Expressing Emotions Without Tantrums

Decreasing Your Child’s Situational Anxiety | LA County Special Education
Decreasing Your Child’s Situational Anxiety
March 9, 2020
How to Help Your Introverted Child | LA County Special Education
How to Help Your Introverted Child
March 23, 2020

Expressing Emotions Without Tantrums

Expressing Emotions Without Tantrums | LA County Special Education

Almost every child will have tantrums at some point. While tantrums usually appear between the ages of 1 and 3, some children hold onto these methods of expressing themselves for much longer if they cannot find any other way to express how frustrated or angry they are. Although tantrums are normal in certain circumstances, you can also empower your child to rise above these poor methods of communicating.

Be a Good Example

First, make sure that you are modeling the best way of dealing with emotions yourself. Young children learn from what they see, and if you are frequently yelling or complaining, your child will assume that is the correct way to act.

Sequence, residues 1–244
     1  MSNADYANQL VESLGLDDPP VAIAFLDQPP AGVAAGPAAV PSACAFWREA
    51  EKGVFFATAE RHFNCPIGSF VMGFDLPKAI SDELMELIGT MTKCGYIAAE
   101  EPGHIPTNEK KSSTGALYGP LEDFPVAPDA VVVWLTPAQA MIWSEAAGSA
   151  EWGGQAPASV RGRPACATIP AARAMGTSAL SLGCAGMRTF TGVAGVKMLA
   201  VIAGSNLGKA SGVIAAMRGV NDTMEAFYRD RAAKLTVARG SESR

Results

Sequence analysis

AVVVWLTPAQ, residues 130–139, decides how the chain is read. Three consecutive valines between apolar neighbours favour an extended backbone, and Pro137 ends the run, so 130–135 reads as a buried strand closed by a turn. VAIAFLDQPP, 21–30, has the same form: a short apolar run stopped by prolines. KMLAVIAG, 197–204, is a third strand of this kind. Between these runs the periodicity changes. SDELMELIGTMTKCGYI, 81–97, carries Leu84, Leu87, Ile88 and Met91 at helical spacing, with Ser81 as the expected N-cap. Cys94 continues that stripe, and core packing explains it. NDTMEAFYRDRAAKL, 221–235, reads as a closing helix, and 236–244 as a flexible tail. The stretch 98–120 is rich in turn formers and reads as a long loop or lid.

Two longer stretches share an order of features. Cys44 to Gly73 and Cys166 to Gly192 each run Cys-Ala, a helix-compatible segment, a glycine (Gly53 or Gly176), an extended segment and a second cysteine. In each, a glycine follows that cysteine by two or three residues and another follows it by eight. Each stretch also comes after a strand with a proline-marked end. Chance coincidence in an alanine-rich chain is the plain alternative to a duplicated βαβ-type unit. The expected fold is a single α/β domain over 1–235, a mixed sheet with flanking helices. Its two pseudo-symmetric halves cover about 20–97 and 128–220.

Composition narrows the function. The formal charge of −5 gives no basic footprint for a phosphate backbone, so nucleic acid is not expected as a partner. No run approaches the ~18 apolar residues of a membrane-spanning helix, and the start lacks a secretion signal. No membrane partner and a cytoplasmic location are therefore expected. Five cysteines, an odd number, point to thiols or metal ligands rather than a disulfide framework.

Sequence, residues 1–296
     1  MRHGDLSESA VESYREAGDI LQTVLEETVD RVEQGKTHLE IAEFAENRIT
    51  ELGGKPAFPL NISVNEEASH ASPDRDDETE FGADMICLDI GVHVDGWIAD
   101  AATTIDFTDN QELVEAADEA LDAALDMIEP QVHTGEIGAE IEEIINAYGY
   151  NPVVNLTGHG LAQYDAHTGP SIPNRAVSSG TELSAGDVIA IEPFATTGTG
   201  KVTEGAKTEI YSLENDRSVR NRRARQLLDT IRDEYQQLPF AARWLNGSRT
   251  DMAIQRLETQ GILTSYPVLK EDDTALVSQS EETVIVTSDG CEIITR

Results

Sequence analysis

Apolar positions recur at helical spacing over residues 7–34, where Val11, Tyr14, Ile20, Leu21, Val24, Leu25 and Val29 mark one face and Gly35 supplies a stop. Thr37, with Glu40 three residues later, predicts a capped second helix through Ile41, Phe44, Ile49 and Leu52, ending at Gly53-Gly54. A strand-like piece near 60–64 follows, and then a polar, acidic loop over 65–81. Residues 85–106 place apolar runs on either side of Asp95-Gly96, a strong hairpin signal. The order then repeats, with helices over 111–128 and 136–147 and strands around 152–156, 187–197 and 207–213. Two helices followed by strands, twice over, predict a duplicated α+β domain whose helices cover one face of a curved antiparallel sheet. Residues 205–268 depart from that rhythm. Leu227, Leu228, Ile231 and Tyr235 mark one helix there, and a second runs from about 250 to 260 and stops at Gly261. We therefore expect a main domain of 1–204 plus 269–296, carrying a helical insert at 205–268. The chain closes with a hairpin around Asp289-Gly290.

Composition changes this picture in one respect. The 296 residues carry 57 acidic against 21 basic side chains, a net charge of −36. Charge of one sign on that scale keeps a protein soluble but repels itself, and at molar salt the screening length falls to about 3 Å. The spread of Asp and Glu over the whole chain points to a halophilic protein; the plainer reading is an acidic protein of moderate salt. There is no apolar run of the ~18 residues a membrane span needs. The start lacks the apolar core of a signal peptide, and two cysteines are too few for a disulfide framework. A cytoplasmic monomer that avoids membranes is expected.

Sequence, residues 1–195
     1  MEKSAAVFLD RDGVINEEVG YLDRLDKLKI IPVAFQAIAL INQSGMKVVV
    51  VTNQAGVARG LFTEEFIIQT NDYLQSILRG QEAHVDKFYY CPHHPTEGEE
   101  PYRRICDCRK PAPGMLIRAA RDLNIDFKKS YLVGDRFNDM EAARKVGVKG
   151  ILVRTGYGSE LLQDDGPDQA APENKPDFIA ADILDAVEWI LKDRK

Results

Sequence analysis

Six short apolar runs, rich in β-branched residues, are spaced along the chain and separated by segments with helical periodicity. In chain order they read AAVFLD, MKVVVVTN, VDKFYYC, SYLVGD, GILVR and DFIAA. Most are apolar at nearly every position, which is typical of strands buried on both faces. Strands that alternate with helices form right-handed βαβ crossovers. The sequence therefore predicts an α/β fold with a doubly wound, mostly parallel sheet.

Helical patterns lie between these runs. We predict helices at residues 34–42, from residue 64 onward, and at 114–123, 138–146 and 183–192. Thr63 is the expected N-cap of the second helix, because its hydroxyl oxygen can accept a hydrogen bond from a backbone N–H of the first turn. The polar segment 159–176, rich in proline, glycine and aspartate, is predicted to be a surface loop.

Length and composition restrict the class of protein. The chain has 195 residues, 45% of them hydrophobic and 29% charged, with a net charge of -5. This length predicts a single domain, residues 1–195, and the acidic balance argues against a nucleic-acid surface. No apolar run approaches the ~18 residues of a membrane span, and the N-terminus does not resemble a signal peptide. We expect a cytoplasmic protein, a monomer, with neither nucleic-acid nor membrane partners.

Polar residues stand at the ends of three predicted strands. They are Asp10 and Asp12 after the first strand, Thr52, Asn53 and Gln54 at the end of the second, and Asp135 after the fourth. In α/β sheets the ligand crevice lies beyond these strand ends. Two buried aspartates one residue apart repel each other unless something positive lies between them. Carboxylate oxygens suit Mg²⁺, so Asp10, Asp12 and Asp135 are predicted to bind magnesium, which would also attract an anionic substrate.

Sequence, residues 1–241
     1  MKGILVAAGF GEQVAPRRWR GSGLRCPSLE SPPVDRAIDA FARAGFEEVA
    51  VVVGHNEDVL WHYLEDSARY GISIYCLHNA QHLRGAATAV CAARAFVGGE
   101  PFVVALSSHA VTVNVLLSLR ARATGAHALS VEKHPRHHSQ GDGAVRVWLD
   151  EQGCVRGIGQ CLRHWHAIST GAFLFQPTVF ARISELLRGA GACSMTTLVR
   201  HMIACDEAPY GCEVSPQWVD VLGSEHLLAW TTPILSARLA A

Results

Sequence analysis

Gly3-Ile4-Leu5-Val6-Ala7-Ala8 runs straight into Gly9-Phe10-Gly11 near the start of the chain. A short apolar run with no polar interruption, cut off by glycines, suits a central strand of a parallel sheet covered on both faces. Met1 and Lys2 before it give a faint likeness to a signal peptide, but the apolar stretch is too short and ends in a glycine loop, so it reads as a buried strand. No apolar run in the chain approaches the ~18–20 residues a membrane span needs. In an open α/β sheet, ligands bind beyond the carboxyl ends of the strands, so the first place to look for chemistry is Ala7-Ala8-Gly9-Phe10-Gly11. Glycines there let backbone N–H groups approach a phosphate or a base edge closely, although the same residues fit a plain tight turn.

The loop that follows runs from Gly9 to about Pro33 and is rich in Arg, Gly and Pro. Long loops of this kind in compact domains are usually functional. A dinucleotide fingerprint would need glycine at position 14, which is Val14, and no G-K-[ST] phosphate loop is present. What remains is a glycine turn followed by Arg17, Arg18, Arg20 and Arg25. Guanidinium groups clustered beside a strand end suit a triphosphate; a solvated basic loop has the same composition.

Talk About Feelings

Second, do not be so closed off to emotions that you cannot talk about them in your household. Children need to learn to put words to what they feel. Help your child understand and use such words as angry, sad, frustrated, happy, and lonely so that he can talk to you about how he feels.

Encourage Your Children in the Right Behaviors

Third, when you see your child modeling good emotional behavior, let him know that you have noticed, and be sure to praise him. This reinforces his good behaviors and makes him want to repeat them.

Find Good Coping Strategies

Fourth, help your child find physical behaviors that he can use to replace tantrums. Some good examples could include listening to music, dancing, reading, coloring, riding his bike, playing with a fidget toy, or taking a bath.

Watch out for Environmental Stressors

Finally, you should be on the lookout for stressors that could send your child off on an emotional tailspin. For example, if you know that tantrums happen more frequently when your child is tired or hungry, be sure that your child gets his nap, or consider giving him a snack in the afternoon.

If your child is currently in a stage of expressing emotions through tantrums, watch out for some signals that your child could be endangering himself or could need professional help for managing his emotions. For example, self-injury or tantrums that last very long or that happen every other day or more frequently could clue you in that your child needs extra help. Reach out to your school district or to your child’s pediatrician for some tips on where you can go from here.

How to Help Your Introverted Child
Decreasing Your Child’s Situational Anxiety